- Alexandra Seltzer Palm Beach Post Staff Writer
For two of the three years she’s had a home daycare, Cristine Thibodeau has dreamt of a bigger space where she can accommodate more children instead of having them sign up on a waiting list.
She expects it’ll happen by this spring — and be called Soleil Early Learning Academy.
The Boynton Beach resident will rent a one-story office building on Southwest 23rd Avenue off Seacrest Boulevard that she’s had her eye on for a while. In December, the city gave her permission to convert it into a daycare — what it was for about four decades until that one, Miss Little’s School, closed.
“Planning to go to a facility has actually been a dream of ours for the last two years. It was just finding the right location,” Thibodeau said. “It’s been quite a journey.”
Thibodeau opened the daycare in her home so she could spend more time with her daughter. Within five months she had a waiting list for children from 20 families.
“To be honest, it wasn’t very difficult, especially a lot of people do seek home daycares because it’s a great alternative to a large, preschool setting,” she said.
Daycares are not difficult to find in the city, however ones at home are less popular. Boynton has 61 licensed child-care facilities, according to Palm Beach County’s health department. Of those, 13 are home daycares — that includes Thibodeau’s Boynton Beach Day Care. Neighboring city Lake Worth has 82 child-care facilities, 21 of which are at a home, and Delray Beach has 51, 11 of which are at a home, according to the health department’s database.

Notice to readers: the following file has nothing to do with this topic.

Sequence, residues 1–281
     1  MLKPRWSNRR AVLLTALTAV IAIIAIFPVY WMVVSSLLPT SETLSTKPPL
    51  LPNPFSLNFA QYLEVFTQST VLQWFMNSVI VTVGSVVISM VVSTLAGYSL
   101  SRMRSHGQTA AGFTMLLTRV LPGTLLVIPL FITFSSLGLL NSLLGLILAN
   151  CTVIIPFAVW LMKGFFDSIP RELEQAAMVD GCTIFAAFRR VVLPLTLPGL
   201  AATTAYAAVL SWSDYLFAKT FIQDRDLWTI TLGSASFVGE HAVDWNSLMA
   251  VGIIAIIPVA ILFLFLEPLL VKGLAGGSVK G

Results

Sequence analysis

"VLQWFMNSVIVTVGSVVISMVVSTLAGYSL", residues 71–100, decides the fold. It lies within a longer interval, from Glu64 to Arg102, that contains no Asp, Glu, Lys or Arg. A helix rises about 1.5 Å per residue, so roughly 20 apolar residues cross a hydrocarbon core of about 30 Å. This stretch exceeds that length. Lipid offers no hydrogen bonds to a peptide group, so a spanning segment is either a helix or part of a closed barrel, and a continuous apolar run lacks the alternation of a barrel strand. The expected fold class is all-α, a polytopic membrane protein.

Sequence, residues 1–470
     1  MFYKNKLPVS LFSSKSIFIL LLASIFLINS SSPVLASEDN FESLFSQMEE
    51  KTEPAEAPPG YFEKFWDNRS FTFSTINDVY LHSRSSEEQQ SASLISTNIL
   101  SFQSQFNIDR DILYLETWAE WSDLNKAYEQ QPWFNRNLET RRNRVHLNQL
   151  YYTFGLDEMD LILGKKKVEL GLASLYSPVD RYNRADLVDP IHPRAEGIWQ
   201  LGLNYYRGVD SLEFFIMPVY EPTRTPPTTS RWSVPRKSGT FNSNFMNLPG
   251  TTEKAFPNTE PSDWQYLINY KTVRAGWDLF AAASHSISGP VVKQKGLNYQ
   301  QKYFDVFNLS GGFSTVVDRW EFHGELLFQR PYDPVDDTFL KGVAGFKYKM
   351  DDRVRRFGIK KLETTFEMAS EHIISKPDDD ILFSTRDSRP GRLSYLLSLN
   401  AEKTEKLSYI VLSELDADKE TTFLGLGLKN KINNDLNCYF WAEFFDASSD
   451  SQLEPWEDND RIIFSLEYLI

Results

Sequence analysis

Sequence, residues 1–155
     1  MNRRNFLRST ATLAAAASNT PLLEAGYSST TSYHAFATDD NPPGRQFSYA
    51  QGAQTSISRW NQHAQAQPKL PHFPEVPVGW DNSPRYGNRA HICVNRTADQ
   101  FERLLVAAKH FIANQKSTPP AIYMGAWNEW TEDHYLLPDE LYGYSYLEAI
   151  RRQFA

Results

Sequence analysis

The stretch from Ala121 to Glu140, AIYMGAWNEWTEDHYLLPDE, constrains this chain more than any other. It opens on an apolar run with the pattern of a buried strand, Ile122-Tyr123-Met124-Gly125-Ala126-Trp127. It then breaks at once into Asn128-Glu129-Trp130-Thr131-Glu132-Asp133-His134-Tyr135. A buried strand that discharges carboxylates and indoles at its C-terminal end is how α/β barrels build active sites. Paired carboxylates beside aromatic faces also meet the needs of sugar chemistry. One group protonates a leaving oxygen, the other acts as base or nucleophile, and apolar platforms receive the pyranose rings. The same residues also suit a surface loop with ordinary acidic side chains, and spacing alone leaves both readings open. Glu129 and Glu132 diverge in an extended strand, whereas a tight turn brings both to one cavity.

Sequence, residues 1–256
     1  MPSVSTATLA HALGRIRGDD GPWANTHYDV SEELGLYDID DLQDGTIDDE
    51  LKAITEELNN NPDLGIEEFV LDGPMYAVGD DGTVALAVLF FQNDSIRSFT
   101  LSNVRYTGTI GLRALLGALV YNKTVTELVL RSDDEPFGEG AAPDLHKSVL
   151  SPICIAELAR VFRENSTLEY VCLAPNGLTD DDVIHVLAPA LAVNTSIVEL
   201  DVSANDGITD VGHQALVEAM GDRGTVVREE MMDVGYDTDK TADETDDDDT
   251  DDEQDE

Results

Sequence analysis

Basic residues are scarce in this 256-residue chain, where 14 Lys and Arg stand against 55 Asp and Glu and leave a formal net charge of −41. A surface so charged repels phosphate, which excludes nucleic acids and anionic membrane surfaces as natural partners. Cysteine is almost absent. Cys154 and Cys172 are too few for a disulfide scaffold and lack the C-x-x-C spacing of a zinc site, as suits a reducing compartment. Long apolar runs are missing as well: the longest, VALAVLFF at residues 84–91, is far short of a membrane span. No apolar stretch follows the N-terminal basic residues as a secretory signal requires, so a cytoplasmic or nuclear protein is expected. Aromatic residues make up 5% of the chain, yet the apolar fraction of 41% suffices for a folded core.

Thibodeau will fix up the 2,659-square-foot office building south of Woolbright Road. The daycare will have room for up to 43 children, according to city documents. She plans to hire about six teachers, both part time and full time. It’ll be open for normal daycare during the week, extra care on Saturdays, and will offer “Parents’ Night Out” or “Pajama Party” once a month so parents don’t have to find a babysitter. The building will have three classrooms and be open to children 12 weeks old through pre-K.
She said she likes the new space because it remains consistent with her home daycare feel.
“I want to carry my home daycare values to this location of providing individualized, loving and nurturing child care. Being a small daycare has many benefits. First off, everyone gets to know each other. The teacher to child ratio is small. This gives the teacher the opportunity to really know the child they are caring for and give them individualized care,” she said. “It also gives the teacher the opportunity to have a great relationship with the parents. Also, all of the parents get to know each other quite well as the children become friends and hang out together outside of school.”